The Internet Is Your Media Lab

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Does your company wish there was a place where you could experiment with New Media, Marketing, Advertising and Communications?

While attending MediaCamp today in Montreal (as a preamble to PodCamp Montreal), Sylvain Carle (from Praized) suggested that maybe more media companies needed to create a media lab where they could experiment with new content platforms, revenue models and distribution channels. This may sound kind of obvious, but it already exists…

It’s called the Internet.

While it may be wise for most brands to have a premeditated strategy and plan before diving head-first into the online channel, there is nothing wrong with trying, tinkering and grappling with a few skunkwork projects online to see what kind of reception and traction you can get. Why not use the channel to experiment and try things… many, small things? You know, that whole "fail fast" model of innovation and development.

Failure to launch.

Most brands fail at the online channel (or think they’re failing) because it’s not a part of their culture (more on that here: There Will Be Blood). Many of the Journalists at today’s conference were pulling out the old, "How do you make money with a Blog?" or "No one is willing to pay me to Blog, and writing is how I make my living" types of sentiments. So, why not experiment and see if those statements really do hold up?

Here’s what you can do by making the Internet your Media Lab… 

  • You can start sharing the content that has, traditionally, lived and died on paper.
  • You can open that content up to comments and commentary.
  • You can figure out what people like about it, what they don’t like and how long they spent with your content (try Google Analytics).
  • You can figure out if your content resonates (if it does, people will spread it on their own volition).
  • You can ask people to subscribe to your content (and track how many people actually care about what you’re doing).
  • You can sell ads on your space.
  • You can sell sponsorship on your space.
  • You can put Google AdWords on your space.
  • You can collect data (email addresses, profile information, etc…).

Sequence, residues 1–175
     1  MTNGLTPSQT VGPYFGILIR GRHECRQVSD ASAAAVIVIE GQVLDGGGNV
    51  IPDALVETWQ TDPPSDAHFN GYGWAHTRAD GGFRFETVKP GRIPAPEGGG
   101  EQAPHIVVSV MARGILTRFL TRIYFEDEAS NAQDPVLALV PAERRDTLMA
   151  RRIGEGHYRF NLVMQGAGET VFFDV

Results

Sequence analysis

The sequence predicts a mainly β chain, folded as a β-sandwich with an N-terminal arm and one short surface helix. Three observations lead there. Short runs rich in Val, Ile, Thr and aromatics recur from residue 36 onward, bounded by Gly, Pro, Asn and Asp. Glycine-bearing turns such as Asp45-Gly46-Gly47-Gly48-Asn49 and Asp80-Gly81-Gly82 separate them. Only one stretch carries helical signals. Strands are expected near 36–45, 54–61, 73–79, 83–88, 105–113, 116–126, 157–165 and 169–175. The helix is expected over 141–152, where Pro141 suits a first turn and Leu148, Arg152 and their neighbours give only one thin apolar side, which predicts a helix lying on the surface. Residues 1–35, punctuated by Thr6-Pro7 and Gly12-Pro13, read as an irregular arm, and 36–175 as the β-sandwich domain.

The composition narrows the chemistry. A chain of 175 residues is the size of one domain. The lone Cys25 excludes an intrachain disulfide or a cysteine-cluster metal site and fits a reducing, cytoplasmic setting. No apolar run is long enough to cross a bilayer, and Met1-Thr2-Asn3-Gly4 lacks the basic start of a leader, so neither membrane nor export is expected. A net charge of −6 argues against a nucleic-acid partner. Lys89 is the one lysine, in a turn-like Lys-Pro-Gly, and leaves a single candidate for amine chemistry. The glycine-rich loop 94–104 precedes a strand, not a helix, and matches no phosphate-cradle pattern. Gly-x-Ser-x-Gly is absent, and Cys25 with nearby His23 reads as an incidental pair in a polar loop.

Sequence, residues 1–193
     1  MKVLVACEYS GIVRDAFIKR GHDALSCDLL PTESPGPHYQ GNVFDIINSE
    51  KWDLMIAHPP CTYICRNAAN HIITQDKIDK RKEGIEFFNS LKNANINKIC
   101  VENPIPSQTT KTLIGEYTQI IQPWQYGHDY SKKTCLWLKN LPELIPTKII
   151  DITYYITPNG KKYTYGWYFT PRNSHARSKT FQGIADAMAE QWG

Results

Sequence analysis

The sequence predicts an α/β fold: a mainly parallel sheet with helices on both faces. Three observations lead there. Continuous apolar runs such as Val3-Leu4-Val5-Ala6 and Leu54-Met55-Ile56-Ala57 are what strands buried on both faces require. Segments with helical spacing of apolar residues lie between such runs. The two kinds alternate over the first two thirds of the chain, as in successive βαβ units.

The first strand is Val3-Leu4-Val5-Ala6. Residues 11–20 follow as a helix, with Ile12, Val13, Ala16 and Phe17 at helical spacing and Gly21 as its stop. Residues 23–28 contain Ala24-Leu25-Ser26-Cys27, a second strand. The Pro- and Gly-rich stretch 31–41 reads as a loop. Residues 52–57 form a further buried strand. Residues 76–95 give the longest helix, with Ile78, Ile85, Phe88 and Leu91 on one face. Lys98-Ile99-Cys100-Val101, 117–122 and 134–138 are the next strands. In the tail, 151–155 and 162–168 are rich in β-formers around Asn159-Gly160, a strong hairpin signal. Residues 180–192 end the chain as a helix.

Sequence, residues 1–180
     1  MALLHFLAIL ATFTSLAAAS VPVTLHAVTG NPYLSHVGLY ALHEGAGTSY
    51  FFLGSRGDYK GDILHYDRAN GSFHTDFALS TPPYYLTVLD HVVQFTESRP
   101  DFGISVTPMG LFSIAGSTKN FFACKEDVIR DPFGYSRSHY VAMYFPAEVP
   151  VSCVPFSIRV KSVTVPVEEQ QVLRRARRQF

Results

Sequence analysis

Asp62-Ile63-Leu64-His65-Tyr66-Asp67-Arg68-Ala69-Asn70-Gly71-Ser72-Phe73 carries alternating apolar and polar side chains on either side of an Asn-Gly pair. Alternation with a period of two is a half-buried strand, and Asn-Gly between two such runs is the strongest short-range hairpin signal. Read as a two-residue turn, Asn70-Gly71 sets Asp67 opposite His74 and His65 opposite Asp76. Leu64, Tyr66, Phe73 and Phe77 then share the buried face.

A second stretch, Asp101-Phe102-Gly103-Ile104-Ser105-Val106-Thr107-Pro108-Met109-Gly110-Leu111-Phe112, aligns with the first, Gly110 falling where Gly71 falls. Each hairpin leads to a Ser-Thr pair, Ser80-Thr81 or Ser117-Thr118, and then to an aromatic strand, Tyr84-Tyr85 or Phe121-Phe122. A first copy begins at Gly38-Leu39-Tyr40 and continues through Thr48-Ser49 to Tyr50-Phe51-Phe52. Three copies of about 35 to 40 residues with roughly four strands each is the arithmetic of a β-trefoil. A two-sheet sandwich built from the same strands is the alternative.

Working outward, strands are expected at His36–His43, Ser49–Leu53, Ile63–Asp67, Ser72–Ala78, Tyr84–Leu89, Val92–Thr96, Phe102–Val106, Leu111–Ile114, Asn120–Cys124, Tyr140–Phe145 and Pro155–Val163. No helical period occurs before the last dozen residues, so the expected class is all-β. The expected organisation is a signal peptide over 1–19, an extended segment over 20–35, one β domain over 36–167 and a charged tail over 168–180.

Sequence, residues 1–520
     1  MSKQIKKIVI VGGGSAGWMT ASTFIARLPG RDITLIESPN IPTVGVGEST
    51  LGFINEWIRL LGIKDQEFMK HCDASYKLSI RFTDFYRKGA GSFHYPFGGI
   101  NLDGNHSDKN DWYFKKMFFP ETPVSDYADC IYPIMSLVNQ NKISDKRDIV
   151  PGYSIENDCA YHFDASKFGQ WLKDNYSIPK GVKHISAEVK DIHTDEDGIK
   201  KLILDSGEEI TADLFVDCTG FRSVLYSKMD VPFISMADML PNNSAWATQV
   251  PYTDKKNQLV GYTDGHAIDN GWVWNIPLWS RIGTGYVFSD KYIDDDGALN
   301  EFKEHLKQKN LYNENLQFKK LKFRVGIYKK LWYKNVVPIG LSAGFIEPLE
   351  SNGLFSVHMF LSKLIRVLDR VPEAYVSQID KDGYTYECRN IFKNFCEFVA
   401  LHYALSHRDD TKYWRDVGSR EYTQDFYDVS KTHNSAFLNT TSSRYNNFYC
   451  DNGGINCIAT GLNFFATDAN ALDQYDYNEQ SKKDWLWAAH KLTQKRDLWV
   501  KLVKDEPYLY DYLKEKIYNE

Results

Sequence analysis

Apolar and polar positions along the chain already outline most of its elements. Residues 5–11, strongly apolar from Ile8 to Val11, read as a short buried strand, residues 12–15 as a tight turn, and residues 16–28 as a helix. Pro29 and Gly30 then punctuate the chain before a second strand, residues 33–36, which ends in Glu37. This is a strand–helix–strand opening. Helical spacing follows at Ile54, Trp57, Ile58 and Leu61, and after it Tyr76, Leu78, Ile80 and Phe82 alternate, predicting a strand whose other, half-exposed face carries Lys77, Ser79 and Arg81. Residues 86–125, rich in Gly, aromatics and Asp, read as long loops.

• You can set-up a tip jar and see how much people are willing to pay for your content.
  • You can use Creative Commons, and let people distribute your content, so that your ideas can spread.
  • You can use the platform to expand your content into other media. If you’re writing, why not try audio, video, images, etc…?
  • You can engage in the comments and commentary you get as a way to build community and spark new ideas for content.
  • You can use your space like a mental gym: work out your content, daily, so that it stays fit, healthy and in shape.
  • You can use your space as a Media Lab to push your critical thinking into new directions (more on that here: Blogging Still Matters… Now More Than Ever).
  • You may get invited to speak somewhere, meet new people or learn a thing or two (or a thousand) about how people really connect with what you are doing.

… And that’s just the beginning.

Once you begin your new Media Lab, you will start to meet new people. If you’re truly connecting to them, other things will happen and you will uncover amazing strategic byproducts from your Media Lab actions. These might be PR and Marketing related, they may be new business development opportunities or you may just learn a whole new way to do what you love to do. Worse comes to worst, you will learn – in short order – that this is not for you or that your content doesn’t have the audience you once suspected.

… And one more thing…

It’s free. Well, that’s not true. You will have to pay in terms of time, effort and sweat equity, but the platforms can be free to start off (you may want to switch to a more sophisticated and flexible platform if your idea really takes off). Remember, never before – in the history of civilization – has one individual (yes, we’re talking about you) had the ability to have a thought, and be able to publish it – as professional content – in text, audio, video and images instantly (and for free) to the world… and be able to measure the results almost exactly and in near real-time.

What are you waiting for?